• The best way to find flaws is to perform a security review of the code and search for all places where input from an HTTP request could possibly make its way into the HTML output. Note that a variety of different HTML tags can be used to transmit a malicious JavaScript.
  • Nessus, Nikto, and some other available tools can help scan a website for these flaws, but can only scratch the surface. If one part of a website is vulnerable, there is a high likelihood that there are other problems as well.

But on the other hand, making sure you’re not vulnerable to these bugs is really easy. SImply sanitize all input that you get from users, validate it, escape special characters and you’re set to deliver a product that is not prone to such attacks.

As before OWASP offers a cheat sheet, which was also created in 2009.

Cross-Site Request Forgery

Cross-Site Request Forgery (CSRF) is an attack that allows the attacker to execute unwanted actions on a web application that a user is currently authenticated in. These attacks require a lot more setup than Injection and XSS but are equally devastating.

By preparing a special website, sending e-mails or with just a little help from social engineering an attacker can make actions on behalf of another user.

These attacks, similar to XSS, can do anything that the user that was targeted can do within your app (transfer funds, make purchases etc.). If the targeted user is an administrator of the service then it’s possible to get access to all the data the service has stored.

Again, cheat sheet Again, 2009!

These attacks can, fortunately, be solved with not a lot of effort. OWASP advises to do two things:

  1. Check standard headers to verify the request is the same origin.
  2. Generate and check the CSRF token

These two actions, in a well-designed application, should take a couple hours to implement and get rid of this problem once and for all.

Insecure Direct Object References

Insecure Direct Object References is the last on the list that’s been there for over a decade. This attack relies on the sloppiness of the developers and by missing authorization checks when your application provides direct access to objects based on the user-supplied input. For example, in an invoicing application, there might be a URL that enables the user to view an invoice in the system.

It might look something like https://my_app/invoice/1923 where 1923 is the ID of the shown invoice. If for some reason, the developers writing code for this app forget to check if a user is allowed to see the invoice, you can access all the invoices by just guessing their ID numbers.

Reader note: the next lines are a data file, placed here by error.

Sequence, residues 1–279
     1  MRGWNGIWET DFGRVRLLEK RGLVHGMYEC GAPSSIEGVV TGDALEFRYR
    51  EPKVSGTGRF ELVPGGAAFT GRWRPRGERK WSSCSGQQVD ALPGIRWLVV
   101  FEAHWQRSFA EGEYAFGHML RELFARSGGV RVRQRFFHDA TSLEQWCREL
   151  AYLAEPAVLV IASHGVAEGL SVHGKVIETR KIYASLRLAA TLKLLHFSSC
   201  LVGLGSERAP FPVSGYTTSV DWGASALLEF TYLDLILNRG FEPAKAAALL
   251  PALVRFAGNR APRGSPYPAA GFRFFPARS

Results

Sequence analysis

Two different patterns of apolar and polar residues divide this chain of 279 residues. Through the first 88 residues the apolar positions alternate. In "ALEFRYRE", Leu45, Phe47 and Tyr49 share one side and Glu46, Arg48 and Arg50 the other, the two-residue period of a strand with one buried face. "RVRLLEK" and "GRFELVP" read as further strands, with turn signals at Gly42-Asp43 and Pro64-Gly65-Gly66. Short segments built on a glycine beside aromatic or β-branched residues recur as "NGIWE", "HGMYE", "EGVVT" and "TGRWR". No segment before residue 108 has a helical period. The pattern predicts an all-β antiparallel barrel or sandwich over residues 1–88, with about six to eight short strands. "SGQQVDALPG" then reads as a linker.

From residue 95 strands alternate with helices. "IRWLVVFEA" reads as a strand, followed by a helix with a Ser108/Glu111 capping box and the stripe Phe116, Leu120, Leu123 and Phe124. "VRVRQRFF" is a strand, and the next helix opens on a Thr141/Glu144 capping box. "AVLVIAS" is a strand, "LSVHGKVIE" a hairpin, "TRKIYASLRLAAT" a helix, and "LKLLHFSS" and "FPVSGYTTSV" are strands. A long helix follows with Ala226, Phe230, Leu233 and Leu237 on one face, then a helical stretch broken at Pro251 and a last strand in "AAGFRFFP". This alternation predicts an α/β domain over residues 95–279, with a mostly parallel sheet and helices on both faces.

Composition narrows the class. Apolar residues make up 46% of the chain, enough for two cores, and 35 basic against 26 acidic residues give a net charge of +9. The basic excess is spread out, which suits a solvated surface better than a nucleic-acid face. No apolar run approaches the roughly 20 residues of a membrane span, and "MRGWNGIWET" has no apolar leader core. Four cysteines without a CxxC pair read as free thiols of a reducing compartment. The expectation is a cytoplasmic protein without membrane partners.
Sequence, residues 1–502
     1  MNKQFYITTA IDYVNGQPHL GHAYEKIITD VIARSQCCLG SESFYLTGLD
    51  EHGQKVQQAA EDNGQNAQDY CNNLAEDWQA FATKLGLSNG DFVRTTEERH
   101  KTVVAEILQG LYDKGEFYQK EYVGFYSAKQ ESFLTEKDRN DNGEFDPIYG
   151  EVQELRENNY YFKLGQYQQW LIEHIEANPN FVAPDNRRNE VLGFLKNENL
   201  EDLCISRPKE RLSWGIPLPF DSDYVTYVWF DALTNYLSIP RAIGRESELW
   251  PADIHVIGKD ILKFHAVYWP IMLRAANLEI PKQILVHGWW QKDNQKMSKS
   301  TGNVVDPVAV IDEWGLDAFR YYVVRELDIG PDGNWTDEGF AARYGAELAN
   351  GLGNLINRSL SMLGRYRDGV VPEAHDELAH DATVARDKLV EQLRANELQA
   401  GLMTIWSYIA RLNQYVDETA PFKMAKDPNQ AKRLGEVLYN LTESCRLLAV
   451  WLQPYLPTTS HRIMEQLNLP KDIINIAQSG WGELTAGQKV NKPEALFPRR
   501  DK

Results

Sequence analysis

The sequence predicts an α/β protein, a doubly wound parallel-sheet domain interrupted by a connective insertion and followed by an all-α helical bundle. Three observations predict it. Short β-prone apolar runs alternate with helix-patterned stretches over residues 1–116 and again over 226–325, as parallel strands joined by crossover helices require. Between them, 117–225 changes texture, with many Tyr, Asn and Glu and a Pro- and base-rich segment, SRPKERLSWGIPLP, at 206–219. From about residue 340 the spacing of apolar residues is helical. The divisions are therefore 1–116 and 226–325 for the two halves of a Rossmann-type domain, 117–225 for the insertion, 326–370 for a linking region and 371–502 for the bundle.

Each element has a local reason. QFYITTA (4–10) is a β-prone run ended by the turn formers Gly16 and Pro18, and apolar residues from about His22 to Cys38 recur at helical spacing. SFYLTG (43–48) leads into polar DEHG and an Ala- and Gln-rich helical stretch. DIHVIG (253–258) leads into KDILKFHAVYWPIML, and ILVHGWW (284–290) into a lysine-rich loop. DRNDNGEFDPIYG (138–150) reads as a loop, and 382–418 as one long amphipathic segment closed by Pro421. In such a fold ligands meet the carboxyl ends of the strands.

There’s no uniform solution for this problem as it’s really dependent on your systems’ implementations, but, as usual, cheat sheet, unfortunately, this one is still in progress.

Most large scale applications developed this age are so complex that they use a lot of well-established patterns and frameworks to do trivial things (i.e. data access). If you’re using any kind of object-relational mapping (ORM) you already have the necessary ingredients to do authorization for each element accessed.

If it has to be checked against the user, instead of fetching it directly using ID, then fetch it using your current user model that you need to have access because of user authentication. For instance: don’t fetch invoice with ID number 1923 from all invoices but from the list of invoices that are related to your current user.

Final words

We’ve seen huge breaches in web applications with enormous amounts of data stolen. These attacks are covered by the media and big companies who need to inform their users about them. Most of them are not caused by the issues we’ve covered here. But for some reason OWASP is still saying that these are the real problem. Most of the apps on the internet are vulnerable when it comes to trivial tasks.

How to solve your problems? Educate your developers! Make sure they know about these issues and not after they’ve created them themselves. Make them learn from others’ mistakes and not their own.

 

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OUR OFFICES

PL: Wojskowa 6, 60-792 Poznań, Poland
+48 506 798 998
office@setapp.pl

ISR: 220 Hertzel Street, 7630003 Israel

COMPANY DATA

Setapp Sp. z o.o.

VAT ID: PL7781465185
REGON: 301183743
KRS: 0000334616

PRIVACY POLICY

OUR OFFICE

Wojskowa 6, 60-792 Poznań, Poland
+48 506 798 998
office@setapp.pl

COMPANY DATA

Setapp Sp. z o.o.

VAT ID: PL7781465185
REGON: 301183743
KRS: 0000334616

PRIVACY POLICY

 COMPANY DATA

Setapp Sp. z o.o.
VAT ID: PL7781465185
REGON: 301183743
KRS: 0000334616

PRIVACY POLICY

OUR OFFICES

POL: Wojskowa 6, 60-792 Poznań, Poland
+48 506 798 998
office@setapp.pl

ISR: 220 Hertzel Street, 7630003 Israel

COMPANY DATA

Setapp Sp. z o.o.
VAT ID: PL7781465185
REGON: 301183743
KRS: 0000334616

PRIVACY POLICY

OUR OFFICES

PL: Wojskowa 6, 60-792 Poznań, Poland
+48 506 798 998
office@setapp.pl

ISR: 220 Hertzel Street, 7630003 Israel

COMPANY DATA

Setapp Sp. z o.o.

VAT ID: PL7781465185
REGON: 301183743
KRS: 0000334616

PRIVACY POLICY

OUR OFFICE

Wojskowa 6, 60-792 Poznań, Poland
+48 506 798 998
office@setapp.pl

COMPANY DATA

Setapp Sp. z o.o.

VAT ID: PL7781465185
REGON: 301183743
KRS: 0000334616

PRIVACY POLICY